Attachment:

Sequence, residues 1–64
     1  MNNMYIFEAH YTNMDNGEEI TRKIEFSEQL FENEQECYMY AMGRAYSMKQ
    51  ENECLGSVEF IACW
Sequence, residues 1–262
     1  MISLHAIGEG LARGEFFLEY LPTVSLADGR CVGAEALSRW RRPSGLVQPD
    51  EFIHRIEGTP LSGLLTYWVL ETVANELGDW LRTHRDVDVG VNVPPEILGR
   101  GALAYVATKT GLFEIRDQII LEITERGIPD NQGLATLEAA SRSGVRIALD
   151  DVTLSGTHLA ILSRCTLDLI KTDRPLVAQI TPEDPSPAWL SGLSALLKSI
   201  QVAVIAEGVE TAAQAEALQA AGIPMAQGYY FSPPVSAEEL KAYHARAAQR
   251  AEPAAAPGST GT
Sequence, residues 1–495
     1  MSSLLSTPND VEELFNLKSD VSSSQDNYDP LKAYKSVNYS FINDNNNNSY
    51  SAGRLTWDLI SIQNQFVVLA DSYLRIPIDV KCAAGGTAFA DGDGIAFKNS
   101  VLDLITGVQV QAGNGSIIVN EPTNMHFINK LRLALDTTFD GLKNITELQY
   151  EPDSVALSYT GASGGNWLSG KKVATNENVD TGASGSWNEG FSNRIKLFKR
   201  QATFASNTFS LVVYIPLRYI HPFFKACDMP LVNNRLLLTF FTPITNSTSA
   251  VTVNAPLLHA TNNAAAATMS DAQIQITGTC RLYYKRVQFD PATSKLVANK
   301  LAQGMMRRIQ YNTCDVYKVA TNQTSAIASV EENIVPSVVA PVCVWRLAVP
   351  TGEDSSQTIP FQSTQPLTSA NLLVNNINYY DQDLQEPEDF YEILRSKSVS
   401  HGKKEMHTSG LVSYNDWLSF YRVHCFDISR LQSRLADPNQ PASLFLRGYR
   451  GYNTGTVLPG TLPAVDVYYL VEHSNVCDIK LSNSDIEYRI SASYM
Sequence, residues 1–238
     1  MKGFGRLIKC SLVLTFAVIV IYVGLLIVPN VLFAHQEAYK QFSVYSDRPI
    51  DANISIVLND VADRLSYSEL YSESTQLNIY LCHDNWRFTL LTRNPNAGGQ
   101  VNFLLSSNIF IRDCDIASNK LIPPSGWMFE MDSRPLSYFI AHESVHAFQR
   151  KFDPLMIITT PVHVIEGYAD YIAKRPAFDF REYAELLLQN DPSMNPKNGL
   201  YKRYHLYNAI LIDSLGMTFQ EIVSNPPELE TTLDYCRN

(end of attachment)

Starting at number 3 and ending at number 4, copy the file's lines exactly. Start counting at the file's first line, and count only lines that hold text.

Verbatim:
    51  ENECLGSVEF IACW
Sequence, residues 1–262